Naked City

Early Bird Gets the Kindergarten

Some parents camped out all night to get a front spot 
in the transfer line.
Some parents camped out all night to get a front spot in the transfer line. (Photo By John Anderson)

Before Friday night, there was only one thing Steve Payton had ever spent the night waiting in line for: tickets to the 1983 Texas-OU game. (The Longhorns won.) On Friday, Payton was the first parent in line to make a transfer request in AISD's first-come, first-served system for managing transfer requests that began at 7am Saturday morning. As he hunkered down in a thick, camouflaged coat to spend a chilly night outside AISD's downtown administration center, he thought fondly back to the '83 game as a good omen.

"That was well worth it," he said. "Hopefully this one will be, too."

Payton scored his space in line by arriving at 5:30 Friday morning. The second person showed up around 8, but barely a dozen people were there by late afternoon. That made Payton feel the tiniest bit foolish for showing up so early, until he realized the number of parents behind him who wanted to get their kindergarteners into the same school he wanted for his daughter.

"When I got here at 5:30, I thought, 'Why am I here?' But everyone here is Casis [Elementary], Casis, Casis," he said, gesturing to the others at the front of the line. "So it's a long time to wait, but … that's my little girl. You do what you have to do for your children."

By 9 o'clock Friday night, a line of folding chairs, air mattresses, and even a yoga mat or two snaked through the parking lot of AISD's central office. On Saturday, when the offices opened, 637 parents would make requests – a lot of requests to juggle, but a tiny percentage of AISD's 78,000 students. They wanted to move because they liked particular programs – the international baccalaureate program at Anderson, the cosmetology program at Crockett – or because schools were more conveniently located, had a reputation for strong parental involvement, or offered extra opportunities for enrichment. Pat Blankenship, for example, wanted to place his daughter in kindergarten at Gullett, rather than Brentwood, because it has more amenities, a Spanish program, and (of course) better test scores.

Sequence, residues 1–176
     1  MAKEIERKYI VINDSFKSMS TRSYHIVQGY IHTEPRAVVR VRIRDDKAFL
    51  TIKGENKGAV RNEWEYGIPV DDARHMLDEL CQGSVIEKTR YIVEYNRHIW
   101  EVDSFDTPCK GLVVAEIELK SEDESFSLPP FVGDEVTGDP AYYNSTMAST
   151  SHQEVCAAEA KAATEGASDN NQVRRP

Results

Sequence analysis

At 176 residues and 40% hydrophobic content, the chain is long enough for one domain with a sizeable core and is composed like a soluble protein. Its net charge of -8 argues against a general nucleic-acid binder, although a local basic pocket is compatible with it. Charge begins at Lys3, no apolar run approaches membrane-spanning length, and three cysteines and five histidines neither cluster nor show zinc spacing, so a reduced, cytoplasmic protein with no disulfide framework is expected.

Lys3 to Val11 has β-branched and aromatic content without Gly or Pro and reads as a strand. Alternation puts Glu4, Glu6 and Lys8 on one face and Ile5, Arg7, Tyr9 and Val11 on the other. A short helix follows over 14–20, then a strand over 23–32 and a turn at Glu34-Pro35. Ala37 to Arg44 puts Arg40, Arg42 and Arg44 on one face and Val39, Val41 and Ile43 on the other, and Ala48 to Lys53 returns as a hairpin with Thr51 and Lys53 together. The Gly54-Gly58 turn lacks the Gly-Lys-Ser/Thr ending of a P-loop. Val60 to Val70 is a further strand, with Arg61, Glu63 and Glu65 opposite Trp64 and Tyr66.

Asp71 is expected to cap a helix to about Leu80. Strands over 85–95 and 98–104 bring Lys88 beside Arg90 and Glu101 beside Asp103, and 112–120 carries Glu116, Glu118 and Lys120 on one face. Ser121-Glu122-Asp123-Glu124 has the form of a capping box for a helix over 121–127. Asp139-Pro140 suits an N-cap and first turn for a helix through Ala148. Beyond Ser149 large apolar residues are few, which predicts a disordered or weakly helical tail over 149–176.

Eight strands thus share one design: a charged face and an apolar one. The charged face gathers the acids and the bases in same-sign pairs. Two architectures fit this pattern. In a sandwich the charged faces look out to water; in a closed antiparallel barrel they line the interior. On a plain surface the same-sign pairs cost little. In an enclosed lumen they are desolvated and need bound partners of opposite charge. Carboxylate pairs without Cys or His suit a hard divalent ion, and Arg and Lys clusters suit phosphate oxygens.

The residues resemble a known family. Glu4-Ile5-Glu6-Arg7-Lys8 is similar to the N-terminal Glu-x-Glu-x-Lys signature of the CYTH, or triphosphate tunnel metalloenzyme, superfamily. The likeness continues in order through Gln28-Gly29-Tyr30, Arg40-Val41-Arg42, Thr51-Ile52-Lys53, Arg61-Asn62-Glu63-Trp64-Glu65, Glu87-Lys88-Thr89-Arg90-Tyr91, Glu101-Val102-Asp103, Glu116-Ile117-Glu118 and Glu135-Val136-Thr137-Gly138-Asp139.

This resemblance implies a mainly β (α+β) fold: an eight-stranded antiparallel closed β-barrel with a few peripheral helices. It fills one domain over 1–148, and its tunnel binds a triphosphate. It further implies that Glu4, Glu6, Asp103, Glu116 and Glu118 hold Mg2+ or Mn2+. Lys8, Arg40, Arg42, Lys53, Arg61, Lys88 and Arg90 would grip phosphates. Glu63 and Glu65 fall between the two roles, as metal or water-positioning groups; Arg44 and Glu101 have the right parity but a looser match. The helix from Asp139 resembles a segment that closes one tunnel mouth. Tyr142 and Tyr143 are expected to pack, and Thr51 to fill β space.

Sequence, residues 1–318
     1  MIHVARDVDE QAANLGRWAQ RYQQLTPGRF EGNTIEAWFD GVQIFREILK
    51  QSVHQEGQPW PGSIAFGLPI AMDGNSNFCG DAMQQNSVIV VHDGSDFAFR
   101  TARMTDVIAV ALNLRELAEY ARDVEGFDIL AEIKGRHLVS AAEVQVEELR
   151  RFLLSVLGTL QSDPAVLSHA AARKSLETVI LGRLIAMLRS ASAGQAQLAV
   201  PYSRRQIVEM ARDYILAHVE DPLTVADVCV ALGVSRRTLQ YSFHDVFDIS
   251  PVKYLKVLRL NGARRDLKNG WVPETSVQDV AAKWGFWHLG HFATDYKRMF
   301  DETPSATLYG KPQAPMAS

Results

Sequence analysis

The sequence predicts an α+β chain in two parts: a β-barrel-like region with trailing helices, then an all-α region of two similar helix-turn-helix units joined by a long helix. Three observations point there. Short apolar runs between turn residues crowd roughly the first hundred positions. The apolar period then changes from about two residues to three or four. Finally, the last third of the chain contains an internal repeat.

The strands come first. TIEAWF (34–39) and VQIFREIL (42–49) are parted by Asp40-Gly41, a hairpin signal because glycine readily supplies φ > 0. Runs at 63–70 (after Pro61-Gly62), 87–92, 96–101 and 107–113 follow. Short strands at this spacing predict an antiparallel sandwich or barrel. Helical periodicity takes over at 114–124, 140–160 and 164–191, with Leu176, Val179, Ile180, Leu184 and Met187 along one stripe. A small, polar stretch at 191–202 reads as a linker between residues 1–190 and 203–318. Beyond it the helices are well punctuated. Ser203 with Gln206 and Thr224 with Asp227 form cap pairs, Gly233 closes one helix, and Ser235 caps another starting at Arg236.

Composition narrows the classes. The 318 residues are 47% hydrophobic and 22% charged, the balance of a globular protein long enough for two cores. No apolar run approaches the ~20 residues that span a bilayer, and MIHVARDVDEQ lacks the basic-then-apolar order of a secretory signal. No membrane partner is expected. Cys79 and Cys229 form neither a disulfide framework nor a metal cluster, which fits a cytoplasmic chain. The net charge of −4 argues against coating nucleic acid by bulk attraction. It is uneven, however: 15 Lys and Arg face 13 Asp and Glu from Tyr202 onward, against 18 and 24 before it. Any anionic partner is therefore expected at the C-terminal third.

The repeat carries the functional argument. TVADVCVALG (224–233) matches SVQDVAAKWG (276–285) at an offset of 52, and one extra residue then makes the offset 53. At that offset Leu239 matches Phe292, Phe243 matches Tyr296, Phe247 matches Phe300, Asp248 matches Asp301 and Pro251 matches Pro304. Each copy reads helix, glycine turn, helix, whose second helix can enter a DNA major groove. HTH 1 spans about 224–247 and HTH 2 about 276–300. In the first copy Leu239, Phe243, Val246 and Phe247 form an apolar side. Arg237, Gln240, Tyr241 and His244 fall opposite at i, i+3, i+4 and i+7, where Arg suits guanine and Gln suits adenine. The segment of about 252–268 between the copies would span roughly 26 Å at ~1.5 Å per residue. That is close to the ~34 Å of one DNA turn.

"It's a shame we have to do this," he said. "You'd like to think that every child could get off the bus and go to a school of the same caliber, but that's not the case, and it doesn't look like it's going to be solved any time soon."

Thirty-two AISD schools are frozen to transfers; however, parents can still make requests for transfer to other AISD schools at the AISD offices at 1111 W. Sixth. The priority period for transfer requests ends Feb. 18.

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KEYWORDS FOR THIS STORY

Austin ISD, student transfer, Pat Blankenship, Steve Payton

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